THE furore over the use of residential stands as a government option to incentivise its poorly paid workforce is far from over with a teachers group saying Zanu PF-led administration wants to stampede its employees into a rushed arrangement.
A government plan to replace the 2016 bonuses with stands fell through a week ago after rival civil servant unions displayed rare unison by rejecting the offer.
An agreement was then reached to stagger the cash payments deeper into the year.
However, union leaders suggested stands as a non-monetary incentive to civil servants by a government that has not increased salaries for the past six years. Parties are still to finalise the modalities of the new arrangement.
Meanwhile, government has allegedly sped ahead of all to force the completion of forms requesting individual workers' details, an arrangement that has riled a restive workforce that has become increasingly suspicious of the country's biggest employer.
According to a circular sent last week to heads of ministries and departments by Public Service Commission secretary P. Sunguro, civil servants were all directed to complete forms indicating their preferences before 13 March.
"...Heads of Ministries and Departments are required to advise all members to fill in their pertinent details in the attached form, in order to enable the Ministries of Finance and Economic Development and Local Government, Public Works and National Housing to plan appropriately," read the circular in part.
"All Directors of Human Resources must ensure that every member in the respective Ministry/Department complete the form by 13 March 2017.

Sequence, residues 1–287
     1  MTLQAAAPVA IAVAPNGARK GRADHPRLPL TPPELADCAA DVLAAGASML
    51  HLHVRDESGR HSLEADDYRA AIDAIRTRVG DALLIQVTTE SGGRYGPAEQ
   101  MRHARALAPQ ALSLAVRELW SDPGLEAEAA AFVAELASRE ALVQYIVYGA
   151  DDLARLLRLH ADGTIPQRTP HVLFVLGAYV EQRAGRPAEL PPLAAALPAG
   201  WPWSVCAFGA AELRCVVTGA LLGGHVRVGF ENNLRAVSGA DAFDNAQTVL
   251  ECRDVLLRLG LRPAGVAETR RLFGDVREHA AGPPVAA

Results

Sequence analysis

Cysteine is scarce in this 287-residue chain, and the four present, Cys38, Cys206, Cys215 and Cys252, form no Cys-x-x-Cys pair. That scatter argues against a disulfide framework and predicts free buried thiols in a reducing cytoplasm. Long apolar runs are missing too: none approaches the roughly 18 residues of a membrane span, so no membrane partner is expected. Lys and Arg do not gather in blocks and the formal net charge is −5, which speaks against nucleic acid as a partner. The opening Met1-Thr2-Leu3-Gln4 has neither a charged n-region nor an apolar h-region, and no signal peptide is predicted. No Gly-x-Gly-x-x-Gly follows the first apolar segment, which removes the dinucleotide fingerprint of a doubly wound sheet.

"Completed forms would be sent to the Public Service Commission not later than 17 March 2017."
The decision to short circuit the process by a broke government has been described by the Progressive Teachers Union of Zimbabwe (PTUZ) as a backdoor attempt by government to raise funds for the 2018 elections.
"Government has hijacked the stands for political reasons of raising money for elections in 2018," PTUZ president Takavafira Zhou told NewZimbabwe.com on Sunday.
"It is interested in deducting money from civil servants before putting in place measures that can ensure transparency, accountability and equity.
"Our argument as leaders is that the government must first show us proof that it has acquired the land and then give offer letters for existing stands.
"Where civil servants would be given the right to accept or turn down a stand given in a particular area. We are worried when government is interested in deducting money for stands whose existence is in doubt and whose final cost has not been established.
"Worse still we need to put in place other measures that would address aspects like what happens if a paying member dies."
Zhou said his organisation has advised members not to sign the forms.
"It would seem government is more interested in fund raising for 2018 elections and fleecing civil servants of their hard earned cash as they want to deduct $50 from every civil servant thereby raising $20 million every month.
"We have informed our members not to spend signatures to the forms until transparency, accountability and equity are ensured in the stands saga.
"Those who sign can only do so at their own peril," Zhou said.